How Lab Launch Aims to Make It Easier for Biotech Startups to Find Space

Keerthi Vedantam

Keerthi Vedantam is a bioscience reporter at dot.LA. She cut her teeth covering everything from cloud computing to 5G in San Francisco and Seattle. Before she covered tech, Keerthi reported on tribal lands and congressional policy in Washington, D.C. Connect with her on Twitter, Clubhouse (@keerthivedantam) or Signal at 408-470-0776.

How Lab Launch Aims to Make It Easier for Biotech Startups to Find Space
Photo by Hans Reniers on Unsplash

Llewellyn Cox is making a WeWork for bioscience professionals.

In a building along a hip arts district in Atwater Village, the molecular biologist and venture investor will open his next no-strings-attached lab space where he hopes startups can plant their roots in Los Angeles and help create therapeutics that save lives.

For $4,600 a month, a biotech startup can access a university-grade lab created by Lab Launch, which Cox founded in 2014. The company broke ground on the project Tuesday.

While the concept isn't new, there are few of these lab locations available in Los Angeles. Cox is part of a small group of life science professionals that are trying to bolster the region's biotech economy and prevent budding talent from straying to hubs in San Diego, Boston or San Francisco.

"The way to really build an economy is to start companies and grow companies and keep them here and hire people from here," Cox said. "And that was always a challenge when we were first starting."

Unlike tech upstarts that have humble beginnings in cramped garages or dingy basements, biotech startups need expensive lab equipment to store samples and dispose of biohazard disposal, not to mention cumbersome permitting. The upfront costs can be daunting and often deter would-be entrepreneurs, funneling them into larger companies or university incubators that might take over some patent ownership.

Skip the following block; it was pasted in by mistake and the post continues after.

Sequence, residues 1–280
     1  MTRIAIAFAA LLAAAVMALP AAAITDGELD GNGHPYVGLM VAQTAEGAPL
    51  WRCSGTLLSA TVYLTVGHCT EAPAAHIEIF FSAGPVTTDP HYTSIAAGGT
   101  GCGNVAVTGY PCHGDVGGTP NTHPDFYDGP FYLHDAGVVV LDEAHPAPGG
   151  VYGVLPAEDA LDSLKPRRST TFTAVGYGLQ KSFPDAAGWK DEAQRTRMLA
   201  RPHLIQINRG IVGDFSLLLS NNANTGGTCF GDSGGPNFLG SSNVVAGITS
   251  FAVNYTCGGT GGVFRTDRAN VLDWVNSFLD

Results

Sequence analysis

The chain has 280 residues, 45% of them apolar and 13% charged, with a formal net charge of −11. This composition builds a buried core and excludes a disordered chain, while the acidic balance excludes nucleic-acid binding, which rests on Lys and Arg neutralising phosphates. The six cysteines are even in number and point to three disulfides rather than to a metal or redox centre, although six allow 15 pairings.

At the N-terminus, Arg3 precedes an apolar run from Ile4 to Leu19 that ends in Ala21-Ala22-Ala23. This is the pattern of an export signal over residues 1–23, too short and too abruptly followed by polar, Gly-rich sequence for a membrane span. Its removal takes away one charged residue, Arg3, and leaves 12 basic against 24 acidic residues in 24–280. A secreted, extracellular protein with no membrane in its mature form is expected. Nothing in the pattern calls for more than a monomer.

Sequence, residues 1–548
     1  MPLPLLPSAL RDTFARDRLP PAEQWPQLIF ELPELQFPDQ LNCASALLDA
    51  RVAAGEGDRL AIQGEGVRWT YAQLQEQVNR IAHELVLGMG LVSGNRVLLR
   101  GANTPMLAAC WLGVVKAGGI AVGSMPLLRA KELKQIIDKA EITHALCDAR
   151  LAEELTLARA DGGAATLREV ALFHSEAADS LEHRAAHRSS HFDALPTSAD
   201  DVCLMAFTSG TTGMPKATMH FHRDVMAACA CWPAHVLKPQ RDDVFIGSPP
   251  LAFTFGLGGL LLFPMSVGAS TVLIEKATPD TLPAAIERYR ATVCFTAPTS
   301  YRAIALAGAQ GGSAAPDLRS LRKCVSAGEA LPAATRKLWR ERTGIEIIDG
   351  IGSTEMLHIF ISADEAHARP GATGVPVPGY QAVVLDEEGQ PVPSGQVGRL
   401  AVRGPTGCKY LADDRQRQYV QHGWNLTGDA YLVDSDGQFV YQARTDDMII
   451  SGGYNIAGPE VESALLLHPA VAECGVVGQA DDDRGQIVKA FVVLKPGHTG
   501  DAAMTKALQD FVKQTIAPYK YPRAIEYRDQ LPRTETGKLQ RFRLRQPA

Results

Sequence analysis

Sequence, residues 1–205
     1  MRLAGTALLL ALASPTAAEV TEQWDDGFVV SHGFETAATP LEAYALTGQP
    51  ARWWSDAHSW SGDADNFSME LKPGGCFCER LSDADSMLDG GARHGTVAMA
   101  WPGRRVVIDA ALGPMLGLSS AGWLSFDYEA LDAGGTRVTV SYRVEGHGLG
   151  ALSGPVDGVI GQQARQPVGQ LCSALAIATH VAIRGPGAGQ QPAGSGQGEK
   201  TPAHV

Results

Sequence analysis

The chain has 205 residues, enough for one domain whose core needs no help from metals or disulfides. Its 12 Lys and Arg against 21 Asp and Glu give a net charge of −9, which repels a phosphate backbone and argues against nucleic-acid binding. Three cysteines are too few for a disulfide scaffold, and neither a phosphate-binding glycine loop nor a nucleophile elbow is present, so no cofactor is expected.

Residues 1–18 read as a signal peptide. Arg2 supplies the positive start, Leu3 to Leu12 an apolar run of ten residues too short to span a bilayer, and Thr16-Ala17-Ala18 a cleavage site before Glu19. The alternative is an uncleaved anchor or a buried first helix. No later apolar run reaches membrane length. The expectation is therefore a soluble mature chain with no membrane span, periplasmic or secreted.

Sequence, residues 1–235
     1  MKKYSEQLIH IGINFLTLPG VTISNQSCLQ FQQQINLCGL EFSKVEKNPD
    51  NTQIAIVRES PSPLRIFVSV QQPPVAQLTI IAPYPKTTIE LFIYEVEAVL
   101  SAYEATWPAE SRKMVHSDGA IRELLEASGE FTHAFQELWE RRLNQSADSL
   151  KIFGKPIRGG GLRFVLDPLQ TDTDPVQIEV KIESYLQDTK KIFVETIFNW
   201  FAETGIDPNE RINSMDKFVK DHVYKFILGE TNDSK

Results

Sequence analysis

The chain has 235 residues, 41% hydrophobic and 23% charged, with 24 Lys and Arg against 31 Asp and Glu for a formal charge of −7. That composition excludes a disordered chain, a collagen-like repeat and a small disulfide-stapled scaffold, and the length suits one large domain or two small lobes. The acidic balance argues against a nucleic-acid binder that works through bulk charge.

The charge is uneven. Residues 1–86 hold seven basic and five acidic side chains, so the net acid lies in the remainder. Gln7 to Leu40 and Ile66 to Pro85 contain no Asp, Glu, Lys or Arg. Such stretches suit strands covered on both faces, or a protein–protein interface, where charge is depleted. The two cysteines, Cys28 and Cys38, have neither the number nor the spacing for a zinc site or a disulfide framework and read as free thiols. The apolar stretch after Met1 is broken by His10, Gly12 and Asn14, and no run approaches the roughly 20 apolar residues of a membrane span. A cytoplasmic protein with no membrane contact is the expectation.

Cox's answer is Lab Launch.

"In the absence of all external incubators, you basically have to jump seat-first into the commercial real estate market while starting up a company, or try to sublease an industrial space in the middle of nowhere and build your own lab, and these are really hard things to do," Cox said.

Lab space at Lab Launch's Monrovia location Courtesy of Lab Launch

Stephanie Hsieh runs one of the region's largest trade organizations for life science professionals, but when she first arrived in Los Angeles two decades ago, she couldn't even find a lab to lease for Meditope. The cancer therapeutics startup that she helmed needed a lab where it could store samples and experiment with new therapies. The options were limited, and she moved the company's development to San Diego where there was ample infrastructure in which to innovate.

"I joke that we innovated here and then it moved to San Diego or the Bay Area because there was no reason for it to stick here," said Hsieh, of who heads the Los Angeles' office for Biocom, a San Diego-based trade organization that represents more than 1,400 life science companies.